As you can see, there are a multitude of ways in which employees can provide the gap for hackers to get through. What will not work is asking an employee to read a big security policy on their first day at work and then punishing them if they trip up later down the line. The key to success is encouraging and nurturing a Security Culture which is sustainable. First of all we are going to go through some of the proactive things which can be done to make it less likely for employees to go wrong. In essence you are removing a level of control from the employees. These are practical interventions that you can consider implementing:

  1. Privilege

Manage access privileges that users have to the IT infrastructure. All users should only have the privileges required to do their job, and no more. This is a concept known as ‘least privilege.’ Start off by giving them a basic build and additional privileges should be requested and be approved by more senior management.

  1. Password control

Put controls in places that ensure user passwords are complex/strong, and that they have to change them regularly.

  1. Inactivity

Ensure that all devices lock after a fairly short period of non-use and require a password to unlock them. A small number of failed password attempts should result in a complete lock-out that only an IT administrator can override, once the user has verified their identity.

  1. Anti-virus and spam software

Implement reputable anti-virus and email spam software, and keep them up to date.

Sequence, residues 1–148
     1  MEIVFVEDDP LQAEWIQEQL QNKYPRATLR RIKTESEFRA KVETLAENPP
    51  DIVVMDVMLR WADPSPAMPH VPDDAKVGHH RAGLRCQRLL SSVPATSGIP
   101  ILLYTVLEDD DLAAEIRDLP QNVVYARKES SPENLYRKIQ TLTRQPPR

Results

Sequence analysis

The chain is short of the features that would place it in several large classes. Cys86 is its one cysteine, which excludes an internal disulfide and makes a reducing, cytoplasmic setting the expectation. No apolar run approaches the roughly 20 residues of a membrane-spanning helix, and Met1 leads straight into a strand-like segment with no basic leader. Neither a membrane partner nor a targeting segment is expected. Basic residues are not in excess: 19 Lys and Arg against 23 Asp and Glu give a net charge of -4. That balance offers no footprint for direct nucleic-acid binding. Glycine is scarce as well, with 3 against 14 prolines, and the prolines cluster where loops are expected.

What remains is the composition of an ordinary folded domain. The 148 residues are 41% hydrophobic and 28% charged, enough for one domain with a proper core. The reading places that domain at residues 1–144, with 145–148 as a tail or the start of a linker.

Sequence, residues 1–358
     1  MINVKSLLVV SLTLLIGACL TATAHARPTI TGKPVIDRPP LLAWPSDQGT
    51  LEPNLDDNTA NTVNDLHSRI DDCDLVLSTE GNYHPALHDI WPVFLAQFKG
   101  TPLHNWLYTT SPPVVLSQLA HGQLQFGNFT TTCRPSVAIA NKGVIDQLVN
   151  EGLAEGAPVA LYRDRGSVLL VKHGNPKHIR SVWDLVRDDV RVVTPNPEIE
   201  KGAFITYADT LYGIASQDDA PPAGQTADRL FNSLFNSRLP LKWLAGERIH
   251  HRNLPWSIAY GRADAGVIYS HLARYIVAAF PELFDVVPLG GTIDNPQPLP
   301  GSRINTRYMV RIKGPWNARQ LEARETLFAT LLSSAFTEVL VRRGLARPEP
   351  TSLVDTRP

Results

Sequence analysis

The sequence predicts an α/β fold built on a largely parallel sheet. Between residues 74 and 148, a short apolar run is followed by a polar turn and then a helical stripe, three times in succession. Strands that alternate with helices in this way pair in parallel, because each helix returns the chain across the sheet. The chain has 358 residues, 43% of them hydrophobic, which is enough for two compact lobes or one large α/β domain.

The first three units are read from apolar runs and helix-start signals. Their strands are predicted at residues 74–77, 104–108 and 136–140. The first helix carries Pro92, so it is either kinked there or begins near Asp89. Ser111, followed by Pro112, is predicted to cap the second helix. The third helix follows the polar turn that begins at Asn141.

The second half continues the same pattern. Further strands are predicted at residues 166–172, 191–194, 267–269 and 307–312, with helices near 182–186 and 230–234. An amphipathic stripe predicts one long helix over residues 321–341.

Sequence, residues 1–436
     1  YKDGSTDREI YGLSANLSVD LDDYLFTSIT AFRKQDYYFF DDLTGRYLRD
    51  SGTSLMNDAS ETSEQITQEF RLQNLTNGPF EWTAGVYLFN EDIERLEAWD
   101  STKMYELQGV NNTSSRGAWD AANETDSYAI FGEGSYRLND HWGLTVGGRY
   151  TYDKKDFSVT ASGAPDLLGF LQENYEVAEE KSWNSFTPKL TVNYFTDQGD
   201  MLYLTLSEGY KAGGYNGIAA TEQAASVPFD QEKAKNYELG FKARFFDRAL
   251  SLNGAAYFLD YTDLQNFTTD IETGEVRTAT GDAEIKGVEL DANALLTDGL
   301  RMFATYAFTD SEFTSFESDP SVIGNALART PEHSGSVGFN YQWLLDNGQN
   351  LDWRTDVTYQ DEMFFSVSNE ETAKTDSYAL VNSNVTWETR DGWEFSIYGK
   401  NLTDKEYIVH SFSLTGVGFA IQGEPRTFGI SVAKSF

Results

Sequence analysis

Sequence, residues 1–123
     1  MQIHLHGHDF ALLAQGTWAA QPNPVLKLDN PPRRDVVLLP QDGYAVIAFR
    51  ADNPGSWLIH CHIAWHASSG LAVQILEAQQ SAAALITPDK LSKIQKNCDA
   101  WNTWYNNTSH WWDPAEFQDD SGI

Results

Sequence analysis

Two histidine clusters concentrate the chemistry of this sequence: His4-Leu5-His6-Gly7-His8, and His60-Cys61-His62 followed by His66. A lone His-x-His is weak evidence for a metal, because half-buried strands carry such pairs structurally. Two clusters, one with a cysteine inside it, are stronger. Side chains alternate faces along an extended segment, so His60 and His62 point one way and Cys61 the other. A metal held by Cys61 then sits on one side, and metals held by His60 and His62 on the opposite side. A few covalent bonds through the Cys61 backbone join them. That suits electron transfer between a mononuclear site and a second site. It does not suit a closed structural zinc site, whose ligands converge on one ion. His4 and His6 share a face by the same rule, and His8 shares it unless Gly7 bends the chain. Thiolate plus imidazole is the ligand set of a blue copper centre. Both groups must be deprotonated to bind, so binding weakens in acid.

When talking about culture it can feel incredibly intangible and almost impossible to quantify. However, the practical interventions are your first step to providing the right foundation to build a Security Culture. From there you should be:

  • Develop an InfoSec Policy. This should be cascaded down through the business by the way of “User Awareness Training”. This will ensure that IT users are made fully aware of the threats they may be exposed too and how to respond to them. This should be carried out for all new staff and repeated for the entire workforce annually.
  • Sending regular email updates to colleagues to make them aware of any particular threats they should be aware of, such as social engineering, or spam that has been received by a colleague.
  • Reward employees for exhibiting good behaviours and circulate that news to the rest of the organisation. An example might be an employee who identifies and blocks a phishing attempt, and makes a full report internally.
  • Ensure that employees understand that they each have a responsibility for InfoSec, whether that be from maintaining a clear desk, to locking their device, to not leaving their laptop in the pub after a few drinks.

In summary, I know that this is one particular area of IT that keeps people awake at night and it is sufficiently complex that many organisations do decide to seek external help. You cannot afford to be complacent about InfoSec, and you certainly do not want to end up in the press for the wrong reasons.

The BDO Technology Advisory Services team has helped numerous businesses in the mid-market with their IT Security. If you would like further information on how we could help your business please call Gavin Davis on 0118 925 4400 or email [email protected].